Relationships with mental health servicesPeople’s relationships with mental health services at times include nurturing, supporting and providing access to resources. At other times they include control and the imposition of medication and a medical way of understanding their experiences. Often there are shades of both to each person’s contact with mental health services, which can be a confusing experience for both service users and staff. Though there are perhaps times when some degrees of containment and security are necessary, particularly when someone is unable to look after themselves or is a significant risk to others, Bite-Size has always emphasised the importance of collaboration and interpersonal sensitivity such as respect, empathy, acceptance, trust, warmth and compassion. In essence trying to be an ally to clients who may have had limited, confused or traumatic experience of relationships in the past. It is within supportive relationships that people may feel safe and comforted enough to be able to make more sense of their experiences, and who may then be encouraged to explore a world and build a life that they have previously feared, or felt lost within and confused by. There are of course significant challenges in supporting people who have experienced numerous elements of disempowerment, such as poverty, limited housing, family dynamics and an ingrained sense of helplessness, and we also have to be wary of our potential to unwittingly disempower clients. However, ultimately the messages contained within the various Bite-Size editions point to how, whilst our efforts are at times naturally limited, we all have the potential to have a positive impact on the lives of the people we see.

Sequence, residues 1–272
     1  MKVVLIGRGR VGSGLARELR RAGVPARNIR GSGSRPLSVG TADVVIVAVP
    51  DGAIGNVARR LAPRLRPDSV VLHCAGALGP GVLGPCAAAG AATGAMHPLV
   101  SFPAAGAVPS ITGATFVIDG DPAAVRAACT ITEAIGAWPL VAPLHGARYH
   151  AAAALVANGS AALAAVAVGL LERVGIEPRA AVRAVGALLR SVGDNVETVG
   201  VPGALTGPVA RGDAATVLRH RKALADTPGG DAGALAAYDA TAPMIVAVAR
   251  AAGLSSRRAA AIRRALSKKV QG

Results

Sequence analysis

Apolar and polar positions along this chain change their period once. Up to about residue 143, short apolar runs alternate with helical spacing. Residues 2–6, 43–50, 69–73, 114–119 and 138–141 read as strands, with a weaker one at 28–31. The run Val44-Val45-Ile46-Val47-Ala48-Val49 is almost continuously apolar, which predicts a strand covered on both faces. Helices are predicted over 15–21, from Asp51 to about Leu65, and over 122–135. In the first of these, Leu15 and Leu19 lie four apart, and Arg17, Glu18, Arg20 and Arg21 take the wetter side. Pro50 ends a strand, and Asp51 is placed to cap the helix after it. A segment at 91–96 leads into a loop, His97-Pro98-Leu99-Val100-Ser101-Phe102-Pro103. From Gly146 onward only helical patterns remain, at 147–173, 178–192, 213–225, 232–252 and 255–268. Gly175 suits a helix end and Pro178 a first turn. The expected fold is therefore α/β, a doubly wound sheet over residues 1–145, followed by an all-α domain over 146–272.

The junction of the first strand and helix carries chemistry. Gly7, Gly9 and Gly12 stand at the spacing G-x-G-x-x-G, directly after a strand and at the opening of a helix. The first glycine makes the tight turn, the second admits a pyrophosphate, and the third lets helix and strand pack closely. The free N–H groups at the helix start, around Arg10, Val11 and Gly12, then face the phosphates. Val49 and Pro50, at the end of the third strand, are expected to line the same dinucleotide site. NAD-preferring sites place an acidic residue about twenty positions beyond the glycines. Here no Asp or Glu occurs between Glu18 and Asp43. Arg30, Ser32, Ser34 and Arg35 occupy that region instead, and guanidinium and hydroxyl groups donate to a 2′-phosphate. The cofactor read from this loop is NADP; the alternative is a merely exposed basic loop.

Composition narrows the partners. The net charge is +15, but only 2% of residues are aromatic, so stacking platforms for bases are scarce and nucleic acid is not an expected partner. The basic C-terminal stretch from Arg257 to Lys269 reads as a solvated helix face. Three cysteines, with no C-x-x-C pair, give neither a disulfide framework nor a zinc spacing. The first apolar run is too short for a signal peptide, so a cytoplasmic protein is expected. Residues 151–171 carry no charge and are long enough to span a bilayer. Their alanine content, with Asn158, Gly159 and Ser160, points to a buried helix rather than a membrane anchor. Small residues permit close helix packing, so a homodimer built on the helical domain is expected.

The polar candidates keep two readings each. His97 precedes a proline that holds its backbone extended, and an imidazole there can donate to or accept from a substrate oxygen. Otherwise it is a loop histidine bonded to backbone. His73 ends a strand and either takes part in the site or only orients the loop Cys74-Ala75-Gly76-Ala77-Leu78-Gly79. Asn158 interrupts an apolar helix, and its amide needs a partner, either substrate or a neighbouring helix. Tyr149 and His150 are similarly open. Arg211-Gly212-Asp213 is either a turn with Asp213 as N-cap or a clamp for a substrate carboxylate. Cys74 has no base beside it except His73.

Concluding commentsBite-size has emphasised the significance of the context of people’s lives and their experience of power. As mental health practitioners we also sit within a particular context that at times supports us but can also work against us. We also have our own experience of being able to shape the world around us, as well as the limits and restrictions placed upon us. Having reached 50 editions of Clinical Psychology Bite-Size we hope that readers have gained a greater sense of what is possible and within their control when working in mental health services and that they feel a little more able to understand and work with the clients they see.